I don’t know about you, but where we live, there isn’t much for the young girls, but more for the boys to do other than get into trouble. We live in a small country town, without much for the kids to do. There is one park, and most of the young people end up on drugs including ice and drinking alcohol, and generally get into trouble by the police.

I joined a mentor group called The Society of Australian Mentors, and since I joined I have had a bit of an urge to go to the school and talk to the young kids about starting up their own business, try and teach these young kids there is more to life than going on the dole, drinking every day etc etc. These kids are going to end up in detention centres, I know of one boy who, at 15 has 23 charges against him.

This is common everywhere, not many parents know this about their children, they hide it well. Like our son. He got off the rails for a little while, now he has a beautiful partner and 3 gorgeous girls. I am so proud of him.

I would like your opinion of having a mentoring session in the classroom just a half an hour to an hour session once a week or once a month. I have had many years experience in owning my own businesses over the years. We have owned a great variety of businesses, all started off because there were no jobs around.

please give your honest opinion, i would love to help these kids xxx dee

Posted by dee lindsay, 29th March 2015

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  • nice story to have a read


  • I think it is worth a go. Most state schools are looking for that something extra to add to the curriculum


  • Love the idea. I am sure most mothers would be happy for something like this especially if they are struggling with children that age. Sometimes it a person outside the family that the children respond better to.


  • Well done


  • Thank you for your good wishes.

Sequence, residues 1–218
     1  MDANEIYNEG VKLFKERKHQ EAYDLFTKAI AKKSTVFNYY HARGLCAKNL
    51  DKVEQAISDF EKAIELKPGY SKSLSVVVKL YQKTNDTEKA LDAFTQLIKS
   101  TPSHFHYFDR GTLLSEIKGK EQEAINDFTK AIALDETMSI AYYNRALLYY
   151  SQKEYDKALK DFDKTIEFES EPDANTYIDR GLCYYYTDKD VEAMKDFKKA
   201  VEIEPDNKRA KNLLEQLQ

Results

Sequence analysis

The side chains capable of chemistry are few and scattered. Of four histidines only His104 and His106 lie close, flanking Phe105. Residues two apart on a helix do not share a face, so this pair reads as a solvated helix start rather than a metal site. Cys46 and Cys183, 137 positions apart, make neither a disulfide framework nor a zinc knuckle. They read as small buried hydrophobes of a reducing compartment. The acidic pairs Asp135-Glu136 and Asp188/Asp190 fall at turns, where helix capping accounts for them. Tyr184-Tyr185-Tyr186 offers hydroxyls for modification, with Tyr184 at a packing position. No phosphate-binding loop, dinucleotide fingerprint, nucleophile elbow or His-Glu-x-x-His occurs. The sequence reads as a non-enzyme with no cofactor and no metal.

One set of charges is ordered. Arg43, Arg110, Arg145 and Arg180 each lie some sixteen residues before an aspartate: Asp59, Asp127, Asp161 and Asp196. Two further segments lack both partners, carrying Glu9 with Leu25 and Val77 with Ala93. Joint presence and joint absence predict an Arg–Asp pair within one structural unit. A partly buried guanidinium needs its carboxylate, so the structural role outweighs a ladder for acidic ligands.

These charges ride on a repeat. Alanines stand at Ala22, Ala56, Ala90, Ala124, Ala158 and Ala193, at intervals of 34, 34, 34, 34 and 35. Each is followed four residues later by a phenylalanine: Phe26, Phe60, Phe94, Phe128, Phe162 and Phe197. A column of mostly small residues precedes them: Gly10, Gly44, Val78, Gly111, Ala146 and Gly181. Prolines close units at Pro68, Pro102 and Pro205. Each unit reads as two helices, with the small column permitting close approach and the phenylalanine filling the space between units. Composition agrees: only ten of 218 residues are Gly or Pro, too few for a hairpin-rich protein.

I also grew up in a country town, which is now the 2nd biggest city in Victoria. In my childhood, we always found something to do, we were gone from sun up to dinner time on the weekends, walked to school which was quite a distance, where kids now want to be driven. We used to hold pantomimes on my friends front porch and charge the local kids 10 cents to watch. HR Puffin’ Stuff, and the like. On saturday’s, all the kids in the street would get together and we would all get driven to the cinema and parents would take turns on who would take us. We would buy lunch – so the whole outing would cost around $1.00. Then we would get a lift home then all get together and go to the footy oval or just hang at someone’s house.

    Not now. They get bored without the Xbox or playstation, have to be on the phone or mobile, or they drink alcohol, smash windows, or get on drugs. It is so sad, when you mention ‘our good ‘ol days’, they get cranky for you talking about it.

    I also hope I can get the time and assistance to organise a Mentoring plan and teach these kids that when they leave school there are so many opportunities out there for them. Even starting their own business. Wish me luck xx dee

    • Good luck with your mentoring plan.

      • Thank you so much. It is really important to me to try and help young people understand there is more to life than mucking about, getting into trouble, taking drugs and drinking alcohol.

        The young these days were bought up with technology, they have clever brains, they just don’t know where to direct their energy. I hope to help then direct it to starting their own business, something which can be done with no initial money. They just need guidance.

        xx dee


  • I’m always slightly baffled by the idea that kids can’t find things to do themselves – I grew up in a small country town with few options, too. Anyway, that aside, your idea sounds positive.


  • I believe in mentoring in all areas of life; at home, in schools and at work. Everyone benefits from mentoring. Good luck with your initiative!


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